AGC of America statements to SBA on Interim Final Rules
AGC’s comments to the Small Business Administration (SBA) on their interim final rules implementing PPP loans:
AGC’s comments recommend the SBA address the following (Details):
- Ensure Clear Construction Business Eligibility for PPP Loans;
- Waive the Affiliation Rules for Construction Business Eligibility for PPP Loans;
- Provide Clear Guidance and Reasonable Safe Harbors Regarding the PPP Loan Application Certifications;
- Remove Requirement to Dedicate At Least 75% of a PPP Loan to Payroll Costs;
- Allow Broad Flexibility for Construction Businesses in Definition of “Payroll Costs”
- Allow for Accrued Costs during the Covered Period;
- Eliminate Requirement to Begin Repayment of PPP Loan within Six Months; and
- Extend Loan Repayment Period from 2 Years to 5 Years
May 15, 2020
Contact: Treasury Public Affairs, (202) 622-2960
WASHINGTON — Today, the Small Business Administration (SBA), in consultation with the Department of the Treasury, released the Paycheck Protection Program (PPP) Loan Forgiveness Application and detailed instructions for the application.
The form and instructions inform borrowers how to apply for forgiveness of their PPP loans, consistent with the Coronavirus Aid, Relief, and Economic Security Act (CARES Act). SBA will also soon issue regulations and guidance to further assist borrowers as they complete their applications, and to provide lenders with guidance on their responsibilities.
The form and instructions include several measures to reduce compliance burdens and simplify the process for borrowers, including:
- Options for borrowers to calculate payroll costs using an “alternative payroll covered period” that aligns with borrowers’ regular payroll cycles
- Flexibility to include eligible payroll and non-payroll expenses paid or incurred during the eight-week period after receiving their PPP loan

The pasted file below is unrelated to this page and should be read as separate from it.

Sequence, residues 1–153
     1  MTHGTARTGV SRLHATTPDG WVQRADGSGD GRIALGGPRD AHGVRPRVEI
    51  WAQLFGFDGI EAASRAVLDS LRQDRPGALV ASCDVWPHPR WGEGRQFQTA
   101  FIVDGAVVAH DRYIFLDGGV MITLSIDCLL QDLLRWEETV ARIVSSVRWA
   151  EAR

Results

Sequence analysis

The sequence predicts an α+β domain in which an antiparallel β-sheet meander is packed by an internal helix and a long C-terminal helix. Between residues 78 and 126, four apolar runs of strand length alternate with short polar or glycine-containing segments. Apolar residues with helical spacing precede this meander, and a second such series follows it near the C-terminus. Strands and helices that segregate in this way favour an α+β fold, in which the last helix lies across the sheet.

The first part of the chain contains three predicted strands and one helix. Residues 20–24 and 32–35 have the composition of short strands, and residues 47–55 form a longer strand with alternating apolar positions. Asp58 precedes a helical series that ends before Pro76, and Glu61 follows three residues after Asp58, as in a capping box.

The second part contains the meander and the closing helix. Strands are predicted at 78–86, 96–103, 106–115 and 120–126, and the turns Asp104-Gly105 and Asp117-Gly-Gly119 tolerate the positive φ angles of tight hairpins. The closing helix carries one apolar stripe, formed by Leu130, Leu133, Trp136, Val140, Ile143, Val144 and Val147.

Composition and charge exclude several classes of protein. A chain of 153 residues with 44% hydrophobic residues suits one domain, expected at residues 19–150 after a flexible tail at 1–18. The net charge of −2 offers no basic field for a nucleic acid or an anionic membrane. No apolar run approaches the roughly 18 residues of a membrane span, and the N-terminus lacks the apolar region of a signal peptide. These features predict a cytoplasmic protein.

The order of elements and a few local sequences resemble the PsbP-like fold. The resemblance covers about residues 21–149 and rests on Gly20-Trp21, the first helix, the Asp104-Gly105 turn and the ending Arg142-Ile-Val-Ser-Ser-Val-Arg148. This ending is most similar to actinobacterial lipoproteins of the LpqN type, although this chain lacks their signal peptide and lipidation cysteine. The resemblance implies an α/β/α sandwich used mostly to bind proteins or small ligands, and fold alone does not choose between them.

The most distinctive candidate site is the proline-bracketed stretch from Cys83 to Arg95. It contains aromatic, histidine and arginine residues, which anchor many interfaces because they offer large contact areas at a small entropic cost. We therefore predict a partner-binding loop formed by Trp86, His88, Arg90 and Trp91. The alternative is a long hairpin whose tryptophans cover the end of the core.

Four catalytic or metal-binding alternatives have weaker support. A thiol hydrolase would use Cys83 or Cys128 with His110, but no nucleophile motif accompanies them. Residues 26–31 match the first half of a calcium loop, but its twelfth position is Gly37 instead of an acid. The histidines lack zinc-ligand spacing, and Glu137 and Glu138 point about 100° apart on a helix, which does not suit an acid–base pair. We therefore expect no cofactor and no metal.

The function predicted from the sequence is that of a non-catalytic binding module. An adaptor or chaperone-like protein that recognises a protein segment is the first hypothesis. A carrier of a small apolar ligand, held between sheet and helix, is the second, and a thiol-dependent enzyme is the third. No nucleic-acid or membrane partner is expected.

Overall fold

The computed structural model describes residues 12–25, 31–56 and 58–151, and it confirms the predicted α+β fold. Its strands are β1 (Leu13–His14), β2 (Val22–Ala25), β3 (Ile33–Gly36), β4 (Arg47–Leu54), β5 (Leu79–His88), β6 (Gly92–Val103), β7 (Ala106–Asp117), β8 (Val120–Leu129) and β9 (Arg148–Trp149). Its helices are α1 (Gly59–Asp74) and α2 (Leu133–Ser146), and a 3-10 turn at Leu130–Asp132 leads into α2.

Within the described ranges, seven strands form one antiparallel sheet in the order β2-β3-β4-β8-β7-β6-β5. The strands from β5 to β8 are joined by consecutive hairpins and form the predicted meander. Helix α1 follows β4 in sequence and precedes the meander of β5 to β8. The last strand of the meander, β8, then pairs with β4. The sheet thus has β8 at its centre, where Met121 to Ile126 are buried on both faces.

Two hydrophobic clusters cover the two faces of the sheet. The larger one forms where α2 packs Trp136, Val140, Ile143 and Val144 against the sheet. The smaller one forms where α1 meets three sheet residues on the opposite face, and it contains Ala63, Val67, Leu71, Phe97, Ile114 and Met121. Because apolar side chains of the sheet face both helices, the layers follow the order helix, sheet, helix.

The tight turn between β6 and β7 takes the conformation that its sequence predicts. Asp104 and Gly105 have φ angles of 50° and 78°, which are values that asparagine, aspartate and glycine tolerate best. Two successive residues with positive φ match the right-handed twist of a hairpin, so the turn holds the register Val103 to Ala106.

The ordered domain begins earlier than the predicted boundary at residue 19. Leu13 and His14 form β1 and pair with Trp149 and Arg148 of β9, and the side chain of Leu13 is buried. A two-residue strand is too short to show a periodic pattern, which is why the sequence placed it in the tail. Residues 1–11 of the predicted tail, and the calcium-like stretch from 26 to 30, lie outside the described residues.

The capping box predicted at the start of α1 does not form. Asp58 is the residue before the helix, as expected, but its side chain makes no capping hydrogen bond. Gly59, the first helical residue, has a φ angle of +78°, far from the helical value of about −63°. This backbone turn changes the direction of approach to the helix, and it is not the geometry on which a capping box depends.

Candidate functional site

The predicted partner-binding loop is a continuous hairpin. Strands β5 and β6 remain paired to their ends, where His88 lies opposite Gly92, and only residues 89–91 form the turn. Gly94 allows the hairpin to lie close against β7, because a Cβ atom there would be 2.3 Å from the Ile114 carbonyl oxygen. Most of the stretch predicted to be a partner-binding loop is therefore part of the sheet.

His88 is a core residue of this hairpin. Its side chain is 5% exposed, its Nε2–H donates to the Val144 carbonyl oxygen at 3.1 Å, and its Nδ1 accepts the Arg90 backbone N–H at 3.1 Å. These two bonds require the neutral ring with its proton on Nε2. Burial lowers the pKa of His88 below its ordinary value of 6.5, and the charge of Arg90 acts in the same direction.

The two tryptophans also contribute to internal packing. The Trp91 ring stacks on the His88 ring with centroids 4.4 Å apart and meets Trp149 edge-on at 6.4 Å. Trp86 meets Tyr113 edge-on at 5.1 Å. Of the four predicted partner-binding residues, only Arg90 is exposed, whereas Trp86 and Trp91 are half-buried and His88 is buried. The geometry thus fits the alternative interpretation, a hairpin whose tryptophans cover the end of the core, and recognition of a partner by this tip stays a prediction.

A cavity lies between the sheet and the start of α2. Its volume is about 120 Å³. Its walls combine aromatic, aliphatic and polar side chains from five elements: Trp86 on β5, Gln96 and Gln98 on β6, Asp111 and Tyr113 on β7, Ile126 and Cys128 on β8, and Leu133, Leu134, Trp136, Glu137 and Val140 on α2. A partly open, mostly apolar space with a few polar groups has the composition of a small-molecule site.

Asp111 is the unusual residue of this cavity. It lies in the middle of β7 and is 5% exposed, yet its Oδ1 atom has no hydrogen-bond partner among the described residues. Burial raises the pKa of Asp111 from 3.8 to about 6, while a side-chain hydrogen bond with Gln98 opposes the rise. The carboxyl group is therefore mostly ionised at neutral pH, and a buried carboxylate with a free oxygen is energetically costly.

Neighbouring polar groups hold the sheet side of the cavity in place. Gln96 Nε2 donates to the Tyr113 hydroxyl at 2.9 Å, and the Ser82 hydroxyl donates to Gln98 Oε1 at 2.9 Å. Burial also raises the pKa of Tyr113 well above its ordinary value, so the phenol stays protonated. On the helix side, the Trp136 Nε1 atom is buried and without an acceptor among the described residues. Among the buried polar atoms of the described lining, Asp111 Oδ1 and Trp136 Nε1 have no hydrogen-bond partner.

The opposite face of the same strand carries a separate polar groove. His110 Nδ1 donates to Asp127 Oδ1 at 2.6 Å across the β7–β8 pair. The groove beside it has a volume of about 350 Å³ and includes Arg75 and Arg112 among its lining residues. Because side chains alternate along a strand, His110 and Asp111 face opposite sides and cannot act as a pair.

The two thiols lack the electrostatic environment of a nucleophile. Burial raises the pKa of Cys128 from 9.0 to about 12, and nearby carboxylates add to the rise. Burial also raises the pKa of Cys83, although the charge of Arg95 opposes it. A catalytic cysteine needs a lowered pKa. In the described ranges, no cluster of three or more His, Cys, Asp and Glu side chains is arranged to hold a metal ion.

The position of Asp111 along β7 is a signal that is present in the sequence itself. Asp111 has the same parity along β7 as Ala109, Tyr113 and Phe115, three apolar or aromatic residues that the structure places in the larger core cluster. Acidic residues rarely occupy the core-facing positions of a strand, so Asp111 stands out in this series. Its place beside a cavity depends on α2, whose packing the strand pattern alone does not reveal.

- Step-by-step instructions on how to perform the calculations required by the CARES Act to confirm eligibility for loan forgiveness
- Borrower-friendly implementation of statutory exemptions from loan forgiveness reduction based on rehiring by June 30
- Addition of a new exemption from the loan forgiveness reduction for borrowers who have made a good-faith, written offer to rehire workers that was declined
The PPP was created by the CARES Act to provide forgivable loans to eligible small businesses to keep American workers on the payroll during the COVID-19 pandemic. The documents released today will help small businesses seek forgiveness at the conclusion of the eight week covered period, which begins with the disbursement of their loans.
PLEASE BE ADVISED
May 13, 2020
Additional information has been released regarding the Paycheck Protection Program:
Frequently Asked Questions (Questions 46-47)
Following the issuance of today’s important guidance on the PPP loan borrowers’ good faith certification concerning the necessity of the loan (Question #46), Treasury and SBA tonight extended the safe harbor repayment of PPP loans from May 14 to May 18. Please see below for more information.
47. Question: An SBA interim final rule posted on May 8, 2020 provided that any borrower who applied for a PPP loan and repays the loan in full by May 14, 2020 will be deemed by SBA to have made the required certification concerning the necessity of the loan request in good faith. Is it possible for a borrower to obtain an extension of the May 14, 2020 repayment date?
Answer: Yes, SBA is extending the repayment date for this safe harbor to May 18, 2020, to give borrowers an opportunity to review and consider FAQ #46. Borrowers do not need to apply for this extension. This extension will be promptly implemented through a revision to the SBA’s interim final rule providing the safe harbor.